23% of NDF soldiers women

The international relations minister has reflected on Namibia's journey in terms of contributing to the implementation of the Women, Peace and Security Agenda.

25 June 2019 | International

With 23% representation, Namibia is amongst the SADC countries with the highest proportion of women in its defence force.

This is according to deputy prime minister and international relations minister Netumbo Nandi-Ndaitwah, who was speaking at the launch of the National Action on Women, Peace and Security 2019 to 2024 last week.

Nandi-Ndaitwah reflected on Namibia's journey in terms of contributing to the implementation of the Women, Peace and Security (WPS) Agenda, and prospects for the future.

She said 19 years ago, under the presidency of Namibia, the United Nations adopted resolution 1325.

“A landmark resolution that not only changed the face of women in conflict and post conflict situations, but also recognised and reaffirmed the crucial role women play in these situations.”

Since the adoption of resolution 1325, eight other resolutions have been adopted, all speaking to the role of women in the prevention and management of conflict as well as their roles in post-conflict peace-building.

“These now form what is known as the Women, Peace and Security Agenda. The UN Security Council has since 2000 deliberated on WPS on an annual basis and the principle of women's participation in peace processes is now accepted as fundamental to building sustainable peace.”

In addition, member states are urged to implement this resolution by putting in place national action plans (NAPs), said Nandi-Ndaitwah.

She said the absence of a national action plans on the WPS Agenda has not deterred Namibia's commitment to the implementation of the agenda and realising the larger pursuit of gender equality.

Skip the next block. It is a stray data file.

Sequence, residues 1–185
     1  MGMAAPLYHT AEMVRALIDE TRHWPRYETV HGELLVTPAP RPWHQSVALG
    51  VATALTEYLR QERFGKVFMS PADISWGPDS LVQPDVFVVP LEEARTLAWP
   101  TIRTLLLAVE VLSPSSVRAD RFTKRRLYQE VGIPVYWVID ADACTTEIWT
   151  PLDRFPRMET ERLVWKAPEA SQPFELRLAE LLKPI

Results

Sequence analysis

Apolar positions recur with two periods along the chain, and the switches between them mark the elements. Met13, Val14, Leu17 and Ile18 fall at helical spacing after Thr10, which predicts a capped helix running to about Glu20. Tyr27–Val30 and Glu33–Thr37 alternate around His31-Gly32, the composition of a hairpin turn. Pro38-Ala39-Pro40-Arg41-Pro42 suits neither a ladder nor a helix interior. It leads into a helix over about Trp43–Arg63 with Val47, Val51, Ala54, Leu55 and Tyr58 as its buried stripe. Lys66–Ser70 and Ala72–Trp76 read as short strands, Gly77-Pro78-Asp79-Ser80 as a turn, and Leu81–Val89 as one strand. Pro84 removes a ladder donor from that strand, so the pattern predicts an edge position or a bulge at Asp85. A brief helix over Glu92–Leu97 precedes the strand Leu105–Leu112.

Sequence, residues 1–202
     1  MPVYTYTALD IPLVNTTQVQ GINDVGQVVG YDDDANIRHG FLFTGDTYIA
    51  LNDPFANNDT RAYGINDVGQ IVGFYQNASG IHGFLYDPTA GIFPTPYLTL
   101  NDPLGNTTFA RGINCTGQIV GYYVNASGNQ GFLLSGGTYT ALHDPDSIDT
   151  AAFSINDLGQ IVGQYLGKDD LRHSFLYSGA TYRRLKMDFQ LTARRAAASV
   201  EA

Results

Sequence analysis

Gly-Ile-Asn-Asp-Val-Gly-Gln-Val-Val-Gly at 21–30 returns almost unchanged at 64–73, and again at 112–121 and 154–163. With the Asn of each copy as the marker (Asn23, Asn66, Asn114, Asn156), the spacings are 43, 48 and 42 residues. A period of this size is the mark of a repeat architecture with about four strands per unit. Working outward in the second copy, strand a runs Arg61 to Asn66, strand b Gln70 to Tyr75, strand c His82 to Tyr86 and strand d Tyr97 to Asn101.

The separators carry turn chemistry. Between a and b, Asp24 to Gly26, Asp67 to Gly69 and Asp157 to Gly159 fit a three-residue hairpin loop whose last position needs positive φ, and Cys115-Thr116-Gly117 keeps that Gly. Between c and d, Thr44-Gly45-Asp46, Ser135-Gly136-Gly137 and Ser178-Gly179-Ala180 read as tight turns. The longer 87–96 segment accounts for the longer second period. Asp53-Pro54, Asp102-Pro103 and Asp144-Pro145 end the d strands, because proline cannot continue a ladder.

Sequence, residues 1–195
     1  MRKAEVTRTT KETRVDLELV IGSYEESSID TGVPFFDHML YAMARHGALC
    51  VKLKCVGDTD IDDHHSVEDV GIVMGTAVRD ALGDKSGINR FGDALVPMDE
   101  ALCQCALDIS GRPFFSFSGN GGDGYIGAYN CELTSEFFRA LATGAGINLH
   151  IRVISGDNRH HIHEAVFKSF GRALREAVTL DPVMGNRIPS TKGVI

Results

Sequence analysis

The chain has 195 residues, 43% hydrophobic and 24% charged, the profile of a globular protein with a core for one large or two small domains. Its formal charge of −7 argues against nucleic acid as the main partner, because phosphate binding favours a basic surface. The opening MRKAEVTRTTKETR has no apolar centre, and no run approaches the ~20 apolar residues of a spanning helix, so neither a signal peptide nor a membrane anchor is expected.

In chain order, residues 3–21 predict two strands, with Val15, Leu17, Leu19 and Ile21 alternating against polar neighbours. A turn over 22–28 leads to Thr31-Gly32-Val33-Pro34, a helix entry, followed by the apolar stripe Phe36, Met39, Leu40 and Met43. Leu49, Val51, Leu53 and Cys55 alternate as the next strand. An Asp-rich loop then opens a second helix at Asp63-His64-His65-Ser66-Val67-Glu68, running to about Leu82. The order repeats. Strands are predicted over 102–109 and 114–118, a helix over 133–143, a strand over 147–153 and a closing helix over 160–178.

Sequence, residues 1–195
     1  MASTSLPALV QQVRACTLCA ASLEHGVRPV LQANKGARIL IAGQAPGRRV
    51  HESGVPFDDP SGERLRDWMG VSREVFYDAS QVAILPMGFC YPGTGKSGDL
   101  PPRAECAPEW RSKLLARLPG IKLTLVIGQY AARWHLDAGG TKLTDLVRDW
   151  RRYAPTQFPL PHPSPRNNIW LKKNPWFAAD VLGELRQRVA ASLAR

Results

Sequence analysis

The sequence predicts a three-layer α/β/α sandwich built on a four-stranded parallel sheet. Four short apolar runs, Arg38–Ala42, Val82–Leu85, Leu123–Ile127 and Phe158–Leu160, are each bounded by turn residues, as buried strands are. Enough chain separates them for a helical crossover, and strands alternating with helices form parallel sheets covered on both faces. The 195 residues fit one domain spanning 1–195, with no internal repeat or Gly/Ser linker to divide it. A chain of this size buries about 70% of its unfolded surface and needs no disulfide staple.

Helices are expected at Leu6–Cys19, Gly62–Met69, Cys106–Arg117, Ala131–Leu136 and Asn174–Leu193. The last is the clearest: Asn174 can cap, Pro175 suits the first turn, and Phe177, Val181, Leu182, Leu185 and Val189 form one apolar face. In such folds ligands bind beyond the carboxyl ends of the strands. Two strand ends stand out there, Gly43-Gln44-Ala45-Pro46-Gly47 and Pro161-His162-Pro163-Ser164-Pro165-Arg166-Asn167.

According to her Namibia has demonstrated the political will to create gender equality and gender mainstreaming in the security sector, preventing violence against women.

To date, various policies and legislative frameworks have been enacted, such as the Defence Policy (2010), the Namibian Defence Force (NDF) Gender Mainstreaming Action Plan (2000-2005) and the National Gender Policy (2010-2020), among others.

“These frameworks and policies have translated into tangible gains for women in decision-making and in the security sector.”

Nandi-Ndaitwah said these gains are not enough and there is more work to be done, not just nationally, but continentally and globally.

According to her this was proven in a 2015 global study, which revealed that the implementation of the WPS Agenda is still lagging and many more countries still need to adopt NAPs and implement them, “as having a plan that is not implemented is just as good as having no plan”.

According to her the development of a NAPs enables direct and sustained attention to mainstreaming gender into the peace and security sector, to track and collate gender-disaggregated data for women in the peace and security sector and monitor and evaluate the implementation of the WPS Agenda. Nandi-Ndaitwah said the process of developing the Namibian NAP was a holistic and comprehensive one.

A national task team was constituted, consultative meetings were held with key relevant institutions and nationwide consultations were undertaken before the drafting process began. Subsequently, the NAP was validated by stakeholders from the key relevant institutions before being submitted to Cabinet for approval.

“It was necessary to have a comprehensive process because the NAP also needed to confront emerging issues, trends and threats to peace and security such as climate change, cybersecurity, radicalisation and trafficking in persons amongst others.”

The NAP delineates nine priority areas, with the overall aim of strengthening the influence of women and their meaningful participation in peace processes, including in peace negotiations and mediation, as well as in broader peace-building and state-building.

ELLANIE SMIT

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